GRAND RAPIDS, Mich. (WOOD) — The State Court of Appeals won’t block the City of Grand Rapids’ vote on extending a current income tax to pay for road repairs.
A three-judge panel ruled March 21 that the Grand Rapids Taxpayers Association has no legal standing in its efforts to convince the appeals court to override last week’s decision by a Kent County judge to let the vote proceed on May 6.
“Plaintiff has not made a particularized showing of irreparable harm, an indispensable requirement for a preliminary injunction, and so, was not entitled to one,” wrote the court in response to the request it issues an injunction blocking the election.
“Furthermore, plaintiff organization has not presented any authority for the proposition that the organization itself has a clear legal right to performance of the duty sought, one element that must be established for a writ of mandamus to be issued, “added the three-judge panel.
But the court’s decision isn’t necessarily the end to the case, according to the lawyer for the Grand Rapids Taxpayers Association.
Attorney Jeff Steinport filed a notion Monday morning, asking the panel to reconsider its decision.
Steinport said the new filing contains a number of past cases to support their argument that they do have standing.
Last week, Kent County Circuit Court Judge George Buth ruled against the Taxpayers Association.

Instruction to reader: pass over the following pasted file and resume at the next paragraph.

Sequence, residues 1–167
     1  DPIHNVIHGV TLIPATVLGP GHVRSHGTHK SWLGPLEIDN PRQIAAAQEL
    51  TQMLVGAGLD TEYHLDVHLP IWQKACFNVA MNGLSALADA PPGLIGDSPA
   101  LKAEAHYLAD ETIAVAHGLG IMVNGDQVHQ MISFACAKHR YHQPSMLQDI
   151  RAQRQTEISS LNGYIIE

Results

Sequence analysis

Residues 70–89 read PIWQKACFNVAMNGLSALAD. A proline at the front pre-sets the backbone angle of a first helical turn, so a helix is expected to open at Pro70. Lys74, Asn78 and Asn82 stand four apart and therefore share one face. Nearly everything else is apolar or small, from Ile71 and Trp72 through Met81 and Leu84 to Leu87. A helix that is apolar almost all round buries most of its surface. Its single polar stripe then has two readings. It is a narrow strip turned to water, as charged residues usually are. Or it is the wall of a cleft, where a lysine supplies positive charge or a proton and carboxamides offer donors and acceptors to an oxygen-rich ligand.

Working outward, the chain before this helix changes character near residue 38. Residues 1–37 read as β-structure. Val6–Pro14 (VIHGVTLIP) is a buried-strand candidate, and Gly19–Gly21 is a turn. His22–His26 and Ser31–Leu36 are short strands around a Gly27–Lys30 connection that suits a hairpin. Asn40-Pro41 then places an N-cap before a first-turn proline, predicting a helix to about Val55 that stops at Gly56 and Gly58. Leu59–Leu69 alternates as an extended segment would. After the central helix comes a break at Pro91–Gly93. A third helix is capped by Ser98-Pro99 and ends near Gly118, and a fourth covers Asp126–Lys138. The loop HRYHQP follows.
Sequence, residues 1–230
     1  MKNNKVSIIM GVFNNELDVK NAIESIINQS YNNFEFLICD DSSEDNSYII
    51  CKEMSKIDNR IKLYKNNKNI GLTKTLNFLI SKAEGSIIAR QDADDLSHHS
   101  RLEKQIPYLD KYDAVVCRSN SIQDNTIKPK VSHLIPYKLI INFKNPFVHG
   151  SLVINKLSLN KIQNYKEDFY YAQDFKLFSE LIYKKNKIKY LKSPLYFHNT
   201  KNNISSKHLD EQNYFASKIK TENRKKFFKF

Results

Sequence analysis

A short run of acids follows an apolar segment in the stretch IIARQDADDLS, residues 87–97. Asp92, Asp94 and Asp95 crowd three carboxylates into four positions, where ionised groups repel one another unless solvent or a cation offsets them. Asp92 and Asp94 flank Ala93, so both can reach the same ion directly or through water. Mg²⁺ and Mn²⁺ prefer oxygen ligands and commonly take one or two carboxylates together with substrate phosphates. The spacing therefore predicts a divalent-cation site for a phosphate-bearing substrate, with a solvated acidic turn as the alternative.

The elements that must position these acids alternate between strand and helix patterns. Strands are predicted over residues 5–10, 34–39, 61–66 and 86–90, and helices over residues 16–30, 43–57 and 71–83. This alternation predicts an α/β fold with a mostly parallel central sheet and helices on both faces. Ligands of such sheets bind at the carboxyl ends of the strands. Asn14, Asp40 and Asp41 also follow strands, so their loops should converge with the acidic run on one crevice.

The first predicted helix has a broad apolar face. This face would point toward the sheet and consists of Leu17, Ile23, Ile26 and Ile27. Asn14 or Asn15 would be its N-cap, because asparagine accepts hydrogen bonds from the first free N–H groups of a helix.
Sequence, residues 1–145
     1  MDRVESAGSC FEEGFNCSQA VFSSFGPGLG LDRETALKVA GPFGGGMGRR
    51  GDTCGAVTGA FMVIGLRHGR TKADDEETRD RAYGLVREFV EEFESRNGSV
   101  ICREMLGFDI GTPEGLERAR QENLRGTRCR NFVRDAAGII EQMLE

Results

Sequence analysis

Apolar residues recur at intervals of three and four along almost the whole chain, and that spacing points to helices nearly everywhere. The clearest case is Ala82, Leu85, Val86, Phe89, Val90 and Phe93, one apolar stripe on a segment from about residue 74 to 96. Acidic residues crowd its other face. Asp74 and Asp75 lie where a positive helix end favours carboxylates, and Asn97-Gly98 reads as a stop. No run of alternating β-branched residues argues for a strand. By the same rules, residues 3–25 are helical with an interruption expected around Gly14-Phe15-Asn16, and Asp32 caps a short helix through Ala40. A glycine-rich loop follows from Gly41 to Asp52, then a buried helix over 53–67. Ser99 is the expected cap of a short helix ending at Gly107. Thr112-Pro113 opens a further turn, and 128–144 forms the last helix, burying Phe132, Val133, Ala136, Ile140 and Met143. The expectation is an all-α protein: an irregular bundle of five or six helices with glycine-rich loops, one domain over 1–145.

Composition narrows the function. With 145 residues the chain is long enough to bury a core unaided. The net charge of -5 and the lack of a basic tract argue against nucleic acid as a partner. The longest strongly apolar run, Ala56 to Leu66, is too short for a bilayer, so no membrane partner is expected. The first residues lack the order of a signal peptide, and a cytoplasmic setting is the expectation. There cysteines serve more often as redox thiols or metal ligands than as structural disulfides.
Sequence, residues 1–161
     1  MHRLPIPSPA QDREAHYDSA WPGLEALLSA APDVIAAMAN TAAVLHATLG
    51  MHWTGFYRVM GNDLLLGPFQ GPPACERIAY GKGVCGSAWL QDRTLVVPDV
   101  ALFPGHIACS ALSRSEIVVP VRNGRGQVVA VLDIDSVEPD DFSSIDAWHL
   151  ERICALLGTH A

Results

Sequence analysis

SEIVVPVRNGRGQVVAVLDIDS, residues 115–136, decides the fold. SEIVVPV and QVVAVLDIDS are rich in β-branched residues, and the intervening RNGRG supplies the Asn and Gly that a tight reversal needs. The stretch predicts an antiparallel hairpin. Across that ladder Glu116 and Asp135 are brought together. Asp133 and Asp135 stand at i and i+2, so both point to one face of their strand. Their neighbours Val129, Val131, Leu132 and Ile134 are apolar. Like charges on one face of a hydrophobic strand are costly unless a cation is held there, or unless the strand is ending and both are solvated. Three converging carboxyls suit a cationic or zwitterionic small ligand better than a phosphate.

They were attempting to halt the May election after it was revealed county election officials were not notified of the election before a February certification deadline.
The City argued, under a state election law, that the county clerk is not required to certify city election.
Buth agreed that the statute only applies to county and statewide ballot issues.
Members of the Taxpayers Association have asked the court for a response by Wednesday.
Now that the issue will be on the May ballot, the Fix Our Roads GR group officially launched its campaign Monday morning, hoping to get support for the upcoming vote.
The group said it wanted to have the measure on the ballot so the measure wouldn’t be overcrowded by other issues, and planning could start immediately, if passed.
Some City officials, the Grand Rapids Area Chamber of Commerce and the Grand Rapids Public Schools superintendent attended the Monday event to support the campaign.
They said many Grand Rapids drivers are frustrated with the condition of the roads, and something must be done.
“With this ballot initiative, it puts us into a mode to improve all streets, to bring them up to 70% condition within the 15 years of the millage, or of the income tax, rather,” said Grand Rapids Mayor George Heartwell.